They’ve risked their lives crossing the Mediterranean from Turkey to Greece, fleeing war and sectarian violence. Now, thanks to a deal struck in March to stem the flow of refugees into Europe, roughly 200 refugees were sent back to Turkey on Monday.
More than 1 million refugees arrived in Europe in 2015, and thousands more have made the perilous journey across stormy winter waters in 2016. Now all “irregular migrants” who arrived in Greece from Turkey after March 20 can be deported, according to the terms of the deal. In exchange, up to 72,000 Syrian refugees who have been stuck in camps across the region will be resettled across the European Union, and Turkey will receive $3.3 billion in aid.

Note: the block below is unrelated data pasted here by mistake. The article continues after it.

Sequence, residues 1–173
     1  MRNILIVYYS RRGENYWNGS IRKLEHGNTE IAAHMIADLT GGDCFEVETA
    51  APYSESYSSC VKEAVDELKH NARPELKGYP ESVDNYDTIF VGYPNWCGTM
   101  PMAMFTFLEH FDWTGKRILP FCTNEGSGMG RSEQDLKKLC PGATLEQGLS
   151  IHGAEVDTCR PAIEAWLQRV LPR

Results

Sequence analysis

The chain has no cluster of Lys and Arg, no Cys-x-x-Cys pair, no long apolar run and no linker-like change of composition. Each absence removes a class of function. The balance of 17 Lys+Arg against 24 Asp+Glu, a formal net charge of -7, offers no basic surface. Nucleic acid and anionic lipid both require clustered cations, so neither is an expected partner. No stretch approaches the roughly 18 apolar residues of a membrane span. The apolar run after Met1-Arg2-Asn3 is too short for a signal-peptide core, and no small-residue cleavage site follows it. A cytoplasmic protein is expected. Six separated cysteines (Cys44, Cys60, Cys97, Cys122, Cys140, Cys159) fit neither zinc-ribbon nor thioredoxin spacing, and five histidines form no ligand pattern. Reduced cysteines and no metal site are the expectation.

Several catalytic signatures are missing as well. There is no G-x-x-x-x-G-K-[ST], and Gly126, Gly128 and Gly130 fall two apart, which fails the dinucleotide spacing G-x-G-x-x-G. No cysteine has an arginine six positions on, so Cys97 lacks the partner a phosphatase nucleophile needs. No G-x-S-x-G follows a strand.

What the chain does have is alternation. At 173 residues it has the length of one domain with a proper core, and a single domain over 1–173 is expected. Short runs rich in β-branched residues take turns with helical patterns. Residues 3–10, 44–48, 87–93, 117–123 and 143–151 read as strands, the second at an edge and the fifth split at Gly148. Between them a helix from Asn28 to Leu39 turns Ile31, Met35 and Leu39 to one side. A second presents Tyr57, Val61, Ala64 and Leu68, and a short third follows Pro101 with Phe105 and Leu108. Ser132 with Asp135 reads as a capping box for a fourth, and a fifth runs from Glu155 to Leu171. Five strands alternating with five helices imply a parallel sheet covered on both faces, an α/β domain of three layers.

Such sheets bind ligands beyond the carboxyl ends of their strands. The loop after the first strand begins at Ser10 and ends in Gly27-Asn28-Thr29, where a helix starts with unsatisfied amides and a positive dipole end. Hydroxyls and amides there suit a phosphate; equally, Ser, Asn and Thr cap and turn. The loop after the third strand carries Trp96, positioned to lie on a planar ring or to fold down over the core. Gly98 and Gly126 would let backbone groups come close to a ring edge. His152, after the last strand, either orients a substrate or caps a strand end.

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Activists expressed concern about the rights of refugees. “This is the bargaining and bartering of human bodies—it’s treating humans as goods,” Baran Doğan, a refugee rights activist from Turkey, told The Guardian. Doğan said Turkey, which has been the site of several terrorist attacks, is unsafe for refugees. “In reality, there are no legal jobs for them,” he said.
“The returns under way this morning in the Aegean are the symbolic start of the potential disastrous undoing of Europe’s commitment to protecting refugees,” Amnesty International’s deputy director for Europe, Gauri van Gulik, told The Associated Press. “Urgent key questions are: What process is everyone going through, and what will become of them after their return?”